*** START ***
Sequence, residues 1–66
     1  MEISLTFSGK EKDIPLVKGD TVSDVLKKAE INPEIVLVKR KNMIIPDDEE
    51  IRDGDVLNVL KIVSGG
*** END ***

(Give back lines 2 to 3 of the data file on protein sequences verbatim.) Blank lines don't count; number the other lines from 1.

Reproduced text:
     1  MEISLTFSGK EKDIPLVKGD TVSDVLKKAE INPEIVLVKR KNMIIPDDEE
    51  IRDGDVLNVL KIVSGG